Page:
Top 25 Counties with the Largest Numerical Growth, July 1, 2013 to July 1, 2014
1. Franklin: +17,559
2. Delaware: +3,911
3. Butler: +2,647
4. Hamilton: +2,202
5. Warren: +2,081
6. Fairfield: +1,584
7. Clermont: +1,306
8. Lorain: +1,210
9. Licking: +887
10. Madison: +646
11. Stark: +514
12. Miami: +484
13. Portage: +459
14. Pickaway: +410
15. Union: +396
16. Wayne: +393
17. Wood: +381
18. Greene: +355
19. Knox: +244
20. Holmes: +236
21. Geauga: +236
22. Athens: +198
23. Fulton: +162
24. Summit: +156
25. Muskingum: +122

Top 25 Counties with the Largest Numerical Growth, Census 2010 to July 1, 2014
1. Franklin: +67,850
2. Delaware: +14,924
3. Warren: +8,791
4. Butler: +6,028
5. Hamilton: +4,257
6. Fairfield: +4,229
7. Clermont: +4,197
8. Wood: +4,102
9. Medina: +3,696
10. Licking: +2,906
11. Lorain: +2,860
12. Greene: +2,251
13. Holmes: +1,532
14. Union: +1,509
15. Miami: +1,394
16. Pickaway: +1,178
17. Wayne: +1,023
18. Geauga: +885
19. Hancock: +555
20. Madison: +488
21. Portage: +461
22. Morrow: +325
23. Knox: +237
24. Tuscarawas: +206
25. Summit: +157

Top 25 Counties for Total Birth July 1, 2013 to July 1, 2014
1. Franklin: 18,595
2. Cuyahoga: 14,801
3. Hamilton: 11,009
4. Montgomery: 6,708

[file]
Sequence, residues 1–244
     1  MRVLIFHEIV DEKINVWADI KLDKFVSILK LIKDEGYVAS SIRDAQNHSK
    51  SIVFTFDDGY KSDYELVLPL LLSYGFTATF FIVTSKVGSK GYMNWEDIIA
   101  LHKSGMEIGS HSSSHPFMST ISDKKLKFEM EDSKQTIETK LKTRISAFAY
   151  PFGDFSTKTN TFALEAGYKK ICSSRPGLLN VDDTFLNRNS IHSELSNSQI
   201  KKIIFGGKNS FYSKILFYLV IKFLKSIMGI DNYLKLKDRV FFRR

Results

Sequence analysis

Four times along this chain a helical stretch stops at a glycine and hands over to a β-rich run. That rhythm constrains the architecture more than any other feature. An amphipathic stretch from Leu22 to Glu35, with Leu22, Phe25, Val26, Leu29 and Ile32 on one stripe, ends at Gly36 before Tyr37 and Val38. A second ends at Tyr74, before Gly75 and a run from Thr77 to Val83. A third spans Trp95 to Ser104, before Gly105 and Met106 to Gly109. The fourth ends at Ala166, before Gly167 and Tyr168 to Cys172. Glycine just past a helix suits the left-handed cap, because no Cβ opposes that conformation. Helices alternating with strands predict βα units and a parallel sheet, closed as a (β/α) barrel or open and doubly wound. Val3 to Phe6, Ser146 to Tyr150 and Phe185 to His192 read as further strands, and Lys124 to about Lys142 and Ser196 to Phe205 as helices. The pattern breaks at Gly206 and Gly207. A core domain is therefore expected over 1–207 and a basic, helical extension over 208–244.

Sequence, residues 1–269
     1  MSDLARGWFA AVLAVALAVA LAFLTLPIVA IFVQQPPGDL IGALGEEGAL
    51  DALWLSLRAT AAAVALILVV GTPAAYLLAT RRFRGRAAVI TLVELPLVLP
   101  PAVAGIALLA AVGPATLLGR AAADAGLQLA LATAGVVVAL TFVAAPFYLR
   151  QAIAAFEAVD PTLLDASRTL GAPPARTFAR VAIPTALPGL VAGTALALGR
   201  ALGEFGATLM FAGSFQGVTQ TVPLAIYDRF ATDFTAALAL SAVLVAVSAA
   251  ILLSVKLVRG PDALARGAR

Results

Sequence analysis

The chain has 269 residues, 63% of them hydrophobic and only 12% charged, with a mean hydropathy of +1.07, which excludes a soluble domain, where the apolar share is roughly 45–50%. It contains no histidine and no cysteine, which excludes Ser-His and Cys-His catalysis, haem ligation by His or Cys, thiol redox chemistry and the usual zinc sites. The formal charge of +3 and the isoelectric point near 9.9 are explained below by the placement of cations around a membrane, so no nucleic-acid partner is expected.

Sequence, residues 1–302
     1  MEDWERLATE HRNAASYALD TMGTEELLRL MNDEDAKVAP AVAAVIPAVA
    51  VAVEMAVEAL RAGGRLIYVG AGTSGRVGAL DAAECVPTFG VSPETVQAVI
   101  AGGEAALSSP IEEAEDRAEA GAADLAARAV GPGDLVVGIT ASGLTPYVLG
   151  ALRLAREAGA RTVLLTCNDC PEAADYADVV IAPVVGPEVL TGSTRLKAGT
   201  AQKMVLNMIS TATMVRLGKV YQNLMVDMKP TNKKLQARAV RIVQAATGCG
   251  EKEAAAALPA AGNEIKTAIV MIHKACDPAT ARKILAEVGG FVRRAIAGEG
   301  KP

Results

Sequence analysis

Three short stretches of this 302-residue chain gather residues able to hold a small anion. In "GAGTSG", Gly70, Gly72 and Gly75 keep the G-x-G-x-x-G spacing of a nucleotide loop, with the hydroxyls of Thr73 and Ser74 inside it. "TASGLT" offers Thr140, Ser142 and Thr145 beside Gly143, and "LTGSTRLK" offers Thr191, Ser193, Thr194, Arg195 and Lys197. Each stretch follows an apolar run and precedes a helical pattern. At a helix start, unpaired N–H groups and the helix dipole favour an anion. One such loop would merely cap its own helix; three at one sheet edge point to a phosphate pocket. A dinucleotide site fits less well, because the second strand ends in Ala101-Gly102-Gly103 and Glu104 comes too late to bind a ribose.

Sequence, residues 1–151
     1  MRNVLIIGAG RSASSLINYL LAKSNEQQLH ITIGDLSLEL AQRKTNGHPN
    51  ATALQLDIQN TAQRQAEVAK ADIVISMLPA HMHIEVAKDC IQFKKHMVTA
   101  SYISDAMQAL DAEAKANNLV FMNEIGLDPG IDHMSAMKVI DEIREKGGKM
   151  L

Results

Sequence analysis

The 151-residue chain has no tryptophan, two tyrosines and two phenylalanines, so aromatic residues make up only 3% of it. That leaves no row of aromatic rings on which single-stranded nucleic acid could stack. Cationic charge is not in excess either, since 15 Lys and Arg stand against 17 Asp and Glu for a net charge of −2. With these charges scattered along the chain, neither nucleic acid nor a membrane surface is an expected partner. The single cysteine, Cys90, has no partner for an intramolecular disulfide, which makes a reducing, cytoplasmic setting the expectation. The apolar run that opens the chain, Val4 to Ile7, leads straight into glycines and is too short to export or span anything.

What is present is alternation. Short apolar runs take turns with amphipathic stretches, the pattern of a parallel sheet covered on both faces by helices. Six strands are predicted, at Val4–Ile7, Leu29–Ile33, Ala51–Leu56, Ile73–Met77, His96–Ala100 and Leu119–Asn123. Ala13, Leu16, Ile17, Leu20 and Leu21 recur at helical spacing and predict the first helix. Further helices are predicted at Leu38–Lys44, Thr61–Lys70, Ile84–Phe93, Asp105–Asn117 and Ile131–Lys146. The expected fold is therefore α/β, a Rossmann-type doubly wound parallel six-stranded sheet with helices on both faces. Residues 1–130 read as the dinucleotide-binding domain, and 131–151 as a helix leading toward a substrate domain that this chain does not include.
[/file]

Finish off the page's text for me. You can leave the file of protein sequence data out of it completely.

5. Summit: 6,235
6. Lucas: 5,742
7. Butler: 4,572
8. Stark: 4,106
9. Lorain: 3,340
10. Warren: 2,396
11. Mahoning: 2,369
12. Clermont: 2,357
13. Lake: 2,204
14. Delaware: 2,119
15. Trumbull: 2,070
16. Licking: 1,948
17. Greene: 1,757
18. Medina: 1,732
19. Fairfield: 1,647
20. Clark: 1,567
21. Wayne: 1,501
22. Richland: 1,413
23. Wood: 1,370
24. Portage: 1,369
25. Allen: 1,288

Top 25 Counties for Total Deaths July 1, 2013 to July 1, 2014

1. Cuyahoga: 13,316
2. Franklin: 9,197
3. Hamilton: 7,718
4. Montgomery: 5,632
5. Summit: 5,595
6. Lucas: 4,365
7. Stark: 3,910
8. Butler: 3,186
9. Mahoning: 2,957
10. Trumbull: 2,407
11. Lake: 2,366
12. Warren: 1,636
13. Clark: 1,631
14. Clermont: 1,574
15. Licking: 1,505
16. Medina: 1,352
17. Greene: 1,350
18. Portage: 1,329
19. Richland: 1,313
20. Fairfield: 1,233
21. Columbiana: 1,140
22. Ashtabula: 1,092
23. Allen: 1,063
24. Wayne: 1,055
25. Delaware: 1,019

Top 25 Counties for Total Natural Change (Births vs. Deaths) July 1, 2013 to July 1, 2014

1. Franklin: 9,398
2. Hamilton: 3,291
3. Cuyahoga: 1,481
4. Lucas: 1,377
5. Butler: 1,386
6. Delaware: 1,100
7. Montgomery: 1,076
8. Clermont: 783
9. Warren: 760
10. Summit: 640